I began this essay in Montenegro where people speak a local Serbian dialect they defiantly call Montenegrin, and finished writing it in Wales, where Welsh is defiantly visible on every signpost, yet English is undeniably dominant.  Such is the language of empire.

And no language is more dominant than English. These last five months, living in countries that speak idioms foreign to me, I have become aware of the immense privilege associated with my language. Everywhere I find English on signs, in transport stations, on the radio.

 I can hear Dolly or Beyonce plead or threaten Jolene, nearly anywhere in the world. 

But shared language can also be an essential bulwark against violence and elite power. One realizes this while traveling in the former Yugoslavia where nationalism is tempered by shared language.  Andre Nikolaidis in an interview. With Tarık Günersel September 12, 2023, put it this way:

In the former Yugoslavia, we think, read, and write in one language that has four names, Serbian, Croatian, Bosnian, and Montenegrin. It is fair to name it like that, but it is not fair to insist that it is not the same language. It obviously is…. Political elites in the former Yugoslavia wanted us to build walls.  They weren’t able to do that because of the language, no matter how hard they tried. And they really tried hard.”

Montenegro is the southwestern corner of the former Yugoslavia. The word Montenegro is not a Montenegrin or Serbian word. It is Italian and harkens back to a period when the Venetians dominated this land. The local word for the country is Crne Gora, which also means Black Mountain referring to the range that surrounds the capital city Podgorica — once Titograd— where we started our one-month stay.

Funny, South Wales, also has a Black Mountain. Mountains probably don’t care what people call them. And these mountains don’t always look black. From our Podgorica apartment, we watched them dominate the landscape, visibly transformed in color and shape as, sun, moon, and clouds played on their surfaces. These peaks hem in cities, limiting demographic change. Like my hometown of Minneapolis, a beautiful river runs through Podgorica, but we don’t have mountains in Minnesota.  Mountains in Montenegro are natural barriers impeding local mill, mine, and timber moguls from realizing the kind of profits that Minnesota elites have wrought from the Mississippi.

We spent three nights in Podgorica in one of those Tito-era apartment buildings emblematic of Brutalist architecture. Brutalism was initiated in the United Kingdom and can be found all over the global north. The building where we stayed in Portugal was Brutalist. US public housing constructed in the 1950s was part of that building trend. Yet “Westerners” associate the design with the Soviet Bloc, and when they visit they like to crow about it  using words like, “monstrous.”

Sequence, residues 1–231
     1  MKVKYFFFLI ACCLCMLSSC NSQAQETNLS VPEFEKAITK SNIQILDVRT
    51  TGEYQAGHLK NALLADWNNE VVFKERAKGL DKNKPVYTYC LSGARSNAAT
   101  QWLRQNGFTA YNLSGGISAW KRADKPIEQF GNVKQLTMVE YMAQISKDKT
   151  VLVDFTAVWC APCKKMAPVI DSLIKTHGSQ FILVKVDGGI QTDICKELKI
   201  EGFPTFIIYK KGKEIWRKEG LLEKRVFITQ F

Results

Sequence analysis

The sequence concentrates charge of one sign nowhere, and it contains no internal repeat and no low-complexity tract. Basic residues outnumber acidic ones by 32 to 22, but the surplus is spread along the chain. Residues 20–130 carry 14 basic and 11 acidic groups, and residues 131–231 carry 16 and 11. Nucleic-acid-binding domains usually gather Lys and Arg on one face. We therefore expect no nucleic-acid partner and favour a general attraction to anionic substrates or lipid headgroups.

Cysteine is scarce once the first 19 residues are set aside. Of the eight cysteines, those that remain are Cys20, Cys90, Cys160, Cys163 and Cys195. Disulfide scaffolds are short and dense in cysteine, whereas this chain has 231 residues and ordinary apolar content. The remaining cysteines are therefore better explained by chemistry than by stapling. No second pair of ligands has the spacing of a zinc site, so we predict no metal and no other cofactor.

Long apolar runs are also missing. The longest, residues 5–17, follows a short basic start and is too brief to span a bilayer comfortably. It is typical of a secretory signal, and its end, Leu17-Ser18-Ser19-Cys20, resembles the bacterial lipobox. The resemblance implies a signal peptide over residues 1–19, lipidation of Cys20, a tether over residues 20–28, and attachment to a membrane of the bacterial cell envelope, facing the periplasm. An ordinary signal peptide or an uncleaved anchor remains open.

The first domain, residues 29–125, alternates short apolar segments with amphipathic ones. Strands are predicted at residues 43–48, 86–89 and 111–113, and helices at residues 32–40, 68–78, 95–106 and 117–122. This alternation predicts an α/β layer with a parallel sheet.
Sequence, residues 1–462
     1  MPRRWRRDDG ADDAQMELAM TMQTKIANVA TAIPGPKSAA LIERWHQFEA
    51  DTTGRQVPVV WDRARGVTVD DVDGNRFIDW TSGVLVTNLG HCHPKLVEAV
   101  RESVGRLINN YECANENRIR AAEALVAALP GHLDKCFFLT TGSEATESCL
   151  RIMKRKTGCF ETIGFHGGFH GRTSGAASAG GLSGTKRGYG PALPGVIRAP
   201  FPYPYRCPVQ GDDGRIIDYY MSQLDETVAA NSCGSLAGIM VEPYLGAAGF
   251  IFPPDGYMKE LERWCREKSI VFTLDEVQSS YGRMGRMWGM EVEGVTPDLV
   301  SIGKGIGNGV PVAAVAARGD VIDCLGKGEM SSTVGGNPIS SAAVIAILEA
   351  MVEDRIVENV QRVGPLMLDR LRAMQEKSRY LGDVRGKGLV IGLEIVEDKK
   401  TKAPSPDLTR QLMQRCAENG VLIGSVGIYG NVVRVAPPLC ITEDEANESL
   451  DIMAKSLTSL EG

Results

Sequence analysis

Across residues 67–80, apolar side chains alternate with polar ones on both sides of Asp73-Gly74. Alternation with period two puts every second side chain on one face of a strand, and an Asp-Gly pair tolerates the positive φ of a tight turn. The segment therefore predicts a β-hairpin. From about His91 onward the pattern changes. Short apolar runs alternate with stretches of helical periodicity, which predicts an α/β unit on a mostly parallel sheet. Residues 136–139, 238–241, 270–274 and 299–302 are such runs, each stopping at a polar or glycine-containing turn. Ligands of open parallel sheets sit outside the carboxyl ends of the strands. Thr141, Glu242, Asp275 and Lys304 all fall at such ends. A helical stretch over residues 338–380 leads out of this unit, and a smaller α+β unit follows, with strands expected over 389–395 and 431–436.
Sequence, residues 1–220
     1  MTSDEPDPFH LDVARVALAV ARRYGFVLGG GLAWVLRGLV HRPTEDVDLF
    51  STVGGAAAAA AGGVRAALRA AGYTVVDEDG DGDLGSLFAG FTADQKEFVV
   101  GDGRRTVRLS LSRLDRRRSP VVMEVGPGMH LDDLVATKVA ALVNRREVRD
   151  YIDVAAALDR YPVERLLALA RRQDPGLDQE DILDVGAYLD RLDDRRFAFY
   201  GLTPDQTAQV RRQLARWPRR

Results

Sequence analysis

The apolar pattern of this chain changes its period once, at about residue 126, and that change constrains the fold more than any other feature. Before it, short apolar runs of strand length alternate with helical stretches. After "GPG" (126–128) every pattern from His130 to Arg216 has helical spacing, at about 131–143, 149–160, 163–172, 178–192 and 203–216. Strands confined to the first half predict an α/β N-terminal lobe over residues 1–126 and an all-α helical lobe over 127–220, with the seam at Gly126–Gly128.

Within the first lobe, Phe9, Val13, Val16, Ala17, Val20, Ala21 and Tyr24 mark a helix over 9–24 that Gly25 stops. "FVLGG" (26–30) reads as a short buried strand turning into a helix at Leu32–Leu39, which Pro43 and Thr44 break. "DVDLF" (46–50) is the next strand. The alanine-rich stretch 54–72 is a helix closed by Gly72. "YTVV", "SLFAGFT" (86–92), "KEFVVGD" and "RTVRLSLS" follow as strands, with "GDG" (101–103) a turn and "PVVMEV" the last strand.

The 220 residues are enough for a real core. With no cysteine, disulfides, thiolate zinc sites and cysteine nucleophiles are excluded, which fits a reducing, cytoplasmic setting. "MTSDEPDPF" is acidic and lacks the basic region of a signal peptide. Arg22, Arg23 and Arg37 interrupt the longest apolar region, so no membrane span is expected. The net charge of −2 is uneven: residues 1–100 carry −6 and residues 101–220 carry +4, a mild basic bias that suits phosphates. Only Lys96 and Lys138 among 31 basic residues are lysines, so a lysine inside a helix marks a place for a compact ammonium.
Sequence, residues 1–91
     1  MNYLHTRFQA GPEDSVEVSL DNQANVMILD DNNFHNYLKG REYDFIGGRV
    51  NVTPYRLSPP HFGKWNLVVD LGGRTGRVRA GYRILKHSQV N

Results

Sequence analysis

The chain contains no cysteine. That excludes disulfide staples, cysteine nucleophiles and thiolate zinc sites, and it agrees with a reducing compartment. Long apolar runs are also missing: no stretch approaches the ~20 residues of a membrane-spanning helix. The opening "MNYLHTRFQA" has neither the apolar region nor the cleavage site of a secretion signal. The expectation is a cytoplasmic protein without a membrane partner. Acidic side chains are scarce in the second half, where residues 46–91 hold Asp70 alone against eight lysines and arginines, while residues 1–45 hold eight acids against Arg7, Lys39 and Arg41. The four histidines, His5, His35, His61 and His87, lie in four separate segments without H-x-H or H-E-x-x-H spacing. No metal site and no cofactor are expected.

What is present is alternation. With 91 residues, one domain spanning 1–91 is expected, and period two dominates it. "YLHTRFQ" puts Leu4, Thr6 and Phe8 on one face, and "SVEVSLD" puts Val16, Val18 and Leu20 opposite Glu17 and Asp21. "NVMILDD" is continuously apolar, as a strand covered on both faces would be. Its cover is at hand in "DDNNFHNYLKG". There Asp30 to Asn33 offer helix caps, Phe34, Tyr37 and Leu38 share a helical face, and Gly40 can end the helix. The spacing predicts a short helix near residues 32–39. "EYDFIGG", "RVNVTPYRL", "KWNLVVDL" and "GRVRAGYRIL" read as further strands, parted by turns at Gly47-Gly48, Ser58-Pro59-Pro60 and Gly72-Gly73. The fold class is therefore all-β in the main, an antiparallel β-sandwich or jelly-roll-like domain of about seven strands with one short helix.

In Albania, Dave and I had many discussions about these buildings, ubiquitous and crumbling all over Tirana.   Certainly when neglected they are ugly, with dark grey soot covering light grey cement, and windows covered with dirty awnings. We wondered if the new hi rises replacing them all over Tirana, will be any better after a few years.  

Unlike Tirana, there is not a massive construction boom going on in Podgorica. Few of the old buildings are coming down. Some are falling apart, others have bright new coats of paint. Ours had been repainted white. It was, our host told us, the first Tito had built. Over the decades its tenants have included movie stars and mafia.

Our space was rectangular— long, narrow —with full-length windows on two sides. Below one side were the ruins of prewar houses with their picturesque red roofs. Out the other, Tito-era apartments. and a balcony for clothes drying and visiting with neighbors. The ceilings were high, making it feel more spacious. The stairs leading up to the apartment (no elevator) stretched longways, the length of the apartments, so climbing them was like walking a labyrinth.

I am sure the Tito apartments, even when new,  were never as pleasing to the eye as a row of two-story tan stone buildings with slanted red roofs. But can the whole world fit in single homes? We need livable hi-rises, public green spaces, and preserved wild places, so that all can be housed, have access to gardens, trees and playgrounds, and the natural world can flourish. How do you make a hi-rise livable and attractive?

Podgorica is a capital city not expecting, or catering to tourists, and that is reason enough for you to visit! The city is rich in public amenities: gorgeous parks, and river walks.